4. Hold yourself accountable.

Good news! You’ve got your social media accounts set up, and maybe you already have a following. Now it is time to be accountable. Set social goals and create a realistic schedule for when you’ll be working towards those goals. Don’t force yourself to write five blogs a week if it’s not going to work. Instead, take baby steps, and don’t rush. The goal early on is to create an authentic voice and consistent posting schedule that you can stick with. If you fall off the social media wagon, get back on. Communicate with your audience about the realities of your process. If you’re reaching the right people, they will understand and support you.

5. Don’t forget your personal brand.

No matter what strategy you take on social media for your business, having a plan for you, your personal brand, is important. This can be in addition to what you are doing for your company on social media. For instance if a strong founder role is important, you must think through how you will fit into the overall social media strategy. If you haven’t done so already, go through a personal branding exercise and create your roadmap. Luckily, there are many resources available online like this personal branding exercise from PwC. These tools can help you create that perfect snapshot of who you are as a professional. List your “why,” your personality traits, your unique differentiators, your passions--all of the characteristics that make you who you are. Then think about how you represent yourself in person and online. These factors make up your personal brand. Once you know who you are, the right choices of what social platforms you need to be on and what voice you want to have will follow. And don’t forget to Google yourself! You never know what you may find. If there are any potential issues, there are professional “scrub services” who can work with you to clean up any messy digital footprints you left behind.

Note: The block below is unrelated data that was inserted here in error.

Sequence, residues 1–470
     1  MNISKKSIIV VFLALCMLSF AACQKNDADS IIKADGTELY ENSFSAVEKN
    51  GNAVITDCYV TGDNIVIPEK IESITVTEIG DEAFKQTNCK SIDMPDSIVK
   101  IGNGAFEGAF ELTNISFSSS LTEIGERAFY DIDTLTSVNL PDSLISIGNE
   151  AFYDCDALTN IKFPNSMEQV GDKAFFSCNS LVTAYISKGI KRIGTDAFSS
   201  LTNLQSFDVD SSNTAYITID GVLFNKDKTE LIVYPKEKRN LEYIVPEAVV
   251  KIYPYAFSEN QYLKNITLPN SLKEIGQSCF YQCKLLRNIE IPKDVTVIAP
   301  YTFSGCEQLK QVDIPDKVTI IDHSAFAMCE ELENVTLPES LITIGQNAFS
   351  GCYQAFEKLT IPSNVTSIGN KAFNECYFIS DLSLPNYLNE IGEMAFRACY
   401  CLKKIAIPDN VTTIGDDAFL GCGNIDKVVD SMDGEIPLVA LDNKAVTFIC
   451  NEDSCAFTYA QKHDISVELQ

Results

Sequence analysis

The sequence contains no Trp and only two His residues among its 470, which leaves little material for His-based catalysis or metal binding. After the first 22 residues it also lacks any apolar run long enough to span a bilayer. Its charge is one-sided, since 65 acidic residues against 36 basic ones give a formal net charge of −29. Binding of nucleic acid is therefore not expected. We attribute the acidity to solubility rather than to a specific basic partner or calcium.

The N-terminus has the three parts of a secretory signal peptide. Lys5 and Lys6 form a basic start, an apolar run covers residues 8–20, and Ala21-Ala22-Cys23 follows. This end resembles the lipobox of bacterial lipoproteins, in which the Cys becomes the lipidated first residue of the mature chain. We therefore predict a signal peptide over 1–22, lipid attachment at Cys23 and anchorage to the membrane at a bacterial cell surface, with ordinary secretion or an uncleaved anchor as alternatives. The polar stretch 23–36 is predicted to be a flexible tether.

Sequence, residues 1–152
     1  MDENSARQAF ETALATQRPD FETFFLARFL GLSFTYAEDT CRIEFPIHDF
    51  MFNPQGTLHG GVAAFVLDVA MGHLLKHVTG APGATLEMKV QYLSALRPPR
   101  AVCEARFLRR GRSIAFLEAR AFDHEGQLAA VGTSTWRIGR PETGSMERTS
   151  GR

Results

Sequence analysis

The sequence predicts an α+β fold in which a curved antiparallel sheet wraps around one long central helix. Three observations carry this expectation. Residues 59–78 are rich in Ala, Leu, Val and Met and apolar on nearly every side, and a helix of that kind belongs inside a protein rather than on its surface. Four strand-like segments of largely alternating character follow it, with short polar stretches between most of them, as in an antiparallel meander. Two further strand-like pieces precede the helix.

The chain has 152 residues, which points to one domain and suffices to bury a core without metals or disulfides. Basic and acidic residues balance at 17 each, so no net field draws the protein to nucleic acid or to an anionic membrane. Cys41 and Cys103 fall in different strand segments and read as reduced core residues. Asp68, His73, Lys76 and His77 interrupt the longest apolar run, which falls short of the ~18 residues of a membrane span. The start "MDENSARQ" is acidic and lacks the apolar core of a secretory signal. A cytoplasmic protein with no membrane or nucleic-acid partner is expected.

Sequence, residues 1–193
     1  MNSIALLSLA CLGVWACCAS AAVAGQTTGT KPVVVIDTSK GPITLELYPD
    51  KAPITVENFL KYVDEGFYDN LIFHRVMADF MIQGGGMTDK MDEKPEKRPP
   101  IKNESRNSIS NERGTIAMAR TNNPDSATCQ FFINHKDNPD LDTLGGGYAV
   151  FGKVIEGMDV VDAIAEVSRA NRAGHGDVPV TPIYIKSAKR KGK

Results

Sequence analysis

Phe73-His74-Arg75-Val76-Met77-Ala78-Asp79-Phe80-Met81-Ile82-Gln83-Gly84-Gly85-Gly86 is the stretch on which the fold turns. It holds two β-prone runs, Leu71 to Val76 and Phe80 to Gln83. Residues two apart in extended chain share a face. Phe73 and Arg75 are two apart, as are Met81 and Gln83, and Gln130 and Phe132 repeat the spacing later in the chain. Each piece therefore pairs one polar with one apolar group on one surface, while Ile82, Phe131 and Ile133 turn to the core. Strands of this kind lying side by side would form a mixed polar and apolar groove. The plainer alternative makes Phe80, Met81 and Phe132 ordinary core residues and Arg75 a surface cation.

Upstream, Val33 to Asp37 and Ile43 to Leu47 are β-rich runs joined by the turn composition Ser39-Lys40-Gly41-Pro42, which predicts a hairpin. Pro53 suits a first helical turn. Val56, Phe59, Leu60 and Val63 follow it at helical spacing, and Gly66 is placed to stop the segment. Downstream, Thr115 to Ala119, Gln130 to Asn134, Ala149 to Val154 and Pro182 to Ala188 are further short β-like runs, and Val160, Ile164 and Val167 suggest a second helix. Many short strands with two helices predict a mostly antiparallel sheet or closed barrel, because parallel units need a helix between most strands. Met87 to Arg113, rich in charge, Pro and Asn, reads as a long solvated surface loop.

As you work to get your business off the ground, do not neglect to develop your social media strategy. Start with a plan, and stick to it. Revise when necessary. This effort can help to establish your business - and you - as a leader in your industry. Your customers and bottom line will thank you.

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CEO Christie Garton is an award-winning social entrepreneur who has long supported the professional dreams of young women as founder of UChic.com, the first-ever online magazine for college-bound and college-aged women. The popular site became the best-selling college guidebook for girls: UChic: College Girls’ Real Advice for Your First Year (& Beyond!) (Sourcebooks 2015). Over 100,000 copies have been sold. A youth marketing expert, she also wrote Marketing to Millennials: Reach the Largest and Most Influential Generation of Consumers Ever (AMACOM 2013). She launched the 1,000 Dreams Fund in 2015.